One technique we support, particularly for grants in the social services or education sector, is developing logic models. Logic models are a terrific tool to plan out a program and provide a means to design the methodology to evaluate the impact and implementation of an initiative. For example, the logic model will clearly state your indicators and the anticipated impact of your program. From this, we can apply techniques to measure your indicators, whether that is through surveys, administrative data, focus groups, or whatever method is deemed appropriate.
With a well-developed logic model, a seasoned researcher should quickly know if the research study should be mixed methods, quasi-experimental, experimental, random control trial, design-based research, or any multitude of methods used in the evaluation and research disciplines.
At RMS, we have a lot more to say on logic models and research design. The bottom line is that a sound logic model sets you up well for other grant application components, which traditional market research strategies can support.
Have I defined the population and targeted program size appropriately?
Defining the population is often trickier than you think. At first glance, it may look simply, “school-age children who have a mental health condition diagnosis.” This is a clear description of the population. But the logical follow up questions are: how do you have access to these individuals to enroll them in your program? What is the proper size of your program? This is where market research can start to help. You can often find ample information about your target population through federal, state, and local resources. The real work comes when you think about internal capacity, required ratios (if applicable), and historical data you already collect. Market research can help connect the dots, and help you think about the information you have access to and, more broadly, about your data needs.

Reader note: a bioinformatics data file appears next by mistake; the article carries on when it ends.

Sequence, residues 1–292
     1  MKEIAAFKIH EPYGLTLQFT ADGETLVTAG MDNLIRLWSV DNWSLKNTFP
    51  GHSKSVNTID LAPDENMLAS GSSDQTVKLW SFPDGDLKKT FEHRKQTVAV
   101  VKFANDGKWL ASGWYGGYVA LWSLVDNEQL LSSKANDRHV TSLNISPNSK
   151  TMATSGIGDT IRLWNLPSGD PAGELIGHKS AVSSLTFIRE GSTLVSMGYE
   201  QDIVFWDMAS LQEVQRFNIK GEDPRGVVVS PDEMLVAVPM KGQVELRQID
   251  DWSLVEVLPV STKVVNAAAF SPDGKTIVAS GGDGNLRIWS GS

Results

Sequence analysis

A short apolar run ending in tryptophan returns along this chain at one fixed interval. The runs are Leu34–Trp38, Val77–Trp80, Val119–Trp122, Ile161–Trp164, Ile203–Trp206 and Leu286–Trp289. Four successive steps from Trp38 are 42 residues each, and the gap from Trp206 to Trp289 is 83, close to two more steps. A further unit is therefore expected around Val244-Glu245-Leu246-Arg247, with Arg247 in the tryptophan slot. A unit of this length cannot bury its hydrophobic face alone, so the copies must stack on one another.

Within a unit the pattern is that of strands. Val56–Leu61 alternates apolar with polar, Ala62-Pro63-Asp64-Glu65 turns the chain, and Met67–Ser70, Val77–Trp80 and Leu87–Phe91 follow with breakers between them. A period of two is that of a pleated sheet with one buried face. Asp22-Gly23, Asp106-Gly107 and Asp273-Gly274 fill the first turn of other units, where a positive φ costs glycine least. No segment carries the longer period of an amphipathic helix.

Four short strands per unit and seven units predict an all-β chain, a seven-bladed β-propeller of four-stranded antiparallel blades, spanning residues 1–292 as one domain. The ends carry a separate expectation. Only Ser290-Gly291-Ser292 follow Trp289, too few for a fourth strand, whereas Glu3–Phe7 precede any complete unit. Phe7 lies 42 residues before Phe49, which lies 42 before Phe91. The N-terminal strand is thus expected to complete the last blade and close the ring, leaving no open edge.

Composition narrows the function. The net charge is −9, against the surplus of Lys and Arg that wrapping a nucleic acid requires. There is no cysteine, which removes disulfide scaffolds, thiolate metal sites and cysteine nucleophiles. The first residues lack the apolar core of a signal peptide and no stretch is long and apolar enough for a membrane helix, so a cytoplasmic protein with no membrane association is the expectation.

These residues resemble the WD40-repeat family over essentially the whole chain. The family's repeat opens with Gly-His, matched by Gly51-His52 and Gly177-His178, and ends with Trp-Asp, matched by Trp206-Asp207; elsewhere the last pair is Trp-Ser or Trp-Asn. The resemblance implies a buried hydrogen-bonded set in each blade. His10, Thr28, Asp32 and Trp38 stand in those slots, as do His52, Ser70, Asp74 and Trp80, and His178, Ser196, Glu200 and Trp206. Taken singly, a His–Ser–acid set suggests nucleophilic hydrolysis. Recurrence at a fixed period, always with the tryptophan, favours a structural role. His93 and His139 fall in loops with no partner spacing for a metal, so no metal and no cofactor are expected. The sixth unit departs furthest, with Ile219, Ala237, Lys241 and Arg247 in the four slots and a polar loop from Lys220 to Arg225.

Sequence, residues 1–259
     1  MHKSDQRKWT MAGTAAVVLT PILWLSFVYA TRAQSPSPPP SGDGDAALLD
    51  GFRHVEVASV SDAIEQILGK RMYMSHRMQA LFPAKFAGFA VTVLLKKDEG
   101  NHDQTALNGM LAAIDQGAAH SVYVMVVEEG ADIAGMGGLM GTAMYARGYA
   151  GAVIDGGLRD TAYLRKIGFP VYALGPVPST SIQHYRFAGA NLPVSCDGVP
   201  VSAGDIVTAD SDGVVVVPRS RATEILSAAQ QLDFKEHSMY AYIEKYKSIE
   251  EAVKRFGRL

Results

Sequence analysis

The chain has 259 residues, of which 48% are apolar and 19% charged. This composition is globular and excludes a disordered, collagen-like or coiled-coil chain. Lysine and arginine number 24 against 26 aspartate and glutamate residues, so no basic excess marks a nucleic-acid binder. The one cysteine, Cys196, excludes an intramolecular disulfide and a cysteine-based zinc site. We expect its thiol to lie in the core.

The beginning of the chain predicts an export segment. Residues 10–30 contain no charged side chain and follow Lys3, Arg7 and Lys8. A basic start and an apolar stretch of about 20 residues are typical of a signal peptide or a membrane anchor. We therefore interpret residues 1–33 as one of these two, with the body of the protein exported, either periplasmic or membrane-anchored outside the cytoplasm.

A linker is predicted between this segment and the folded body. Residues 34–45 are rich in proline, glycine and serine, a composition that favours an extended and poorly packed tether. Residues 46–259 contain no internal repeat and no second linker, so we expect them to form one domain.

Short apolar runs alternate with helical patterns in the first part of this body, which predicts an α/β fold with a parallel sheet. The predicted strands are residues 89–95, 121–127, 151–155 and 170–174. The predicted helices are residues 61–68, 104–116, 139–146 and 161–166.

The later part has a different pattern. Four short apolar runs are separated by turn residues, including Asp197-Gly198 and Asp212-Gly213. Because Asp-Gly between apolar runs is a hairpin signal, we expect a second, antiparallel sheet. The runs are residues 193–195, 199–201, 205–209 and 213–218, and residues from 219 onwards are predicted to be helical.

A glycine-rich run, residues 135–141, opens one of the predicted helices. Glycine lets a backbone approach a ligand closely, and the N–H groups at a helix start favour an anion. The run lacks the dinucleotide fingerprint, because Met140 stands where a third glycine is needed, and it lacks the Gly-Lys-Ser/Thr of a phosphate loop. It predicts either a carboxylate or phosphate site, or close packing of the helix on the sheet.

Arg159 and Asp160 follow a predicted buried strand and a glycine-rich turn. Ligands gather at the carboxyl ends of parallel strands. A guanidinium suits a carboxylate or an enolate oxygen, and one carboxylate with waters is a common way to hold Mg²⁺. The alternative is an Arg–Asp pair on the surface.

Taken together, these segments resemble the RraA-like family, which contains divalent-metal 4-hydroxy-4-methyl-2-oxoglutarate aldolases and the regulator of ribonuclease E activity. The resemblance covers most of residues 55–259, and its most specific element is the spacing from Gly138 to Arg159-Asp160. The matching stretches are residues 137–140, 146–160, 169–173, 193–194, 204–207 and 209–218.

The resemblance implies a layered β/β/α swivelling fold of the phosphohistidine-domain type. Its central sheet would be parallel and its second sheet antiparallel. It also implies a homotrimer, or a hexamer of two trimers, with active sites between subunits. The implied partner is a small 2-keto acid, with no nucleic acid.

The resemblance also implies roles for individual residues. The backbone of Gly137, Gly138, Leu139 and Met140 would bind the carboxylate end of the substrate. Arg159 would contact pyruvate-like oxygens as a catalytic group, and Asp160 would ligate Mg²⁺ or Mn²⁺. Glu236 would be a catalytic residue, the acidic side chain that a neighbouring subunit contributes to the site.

What are the core trends I anticipate impacting this community in the coming years?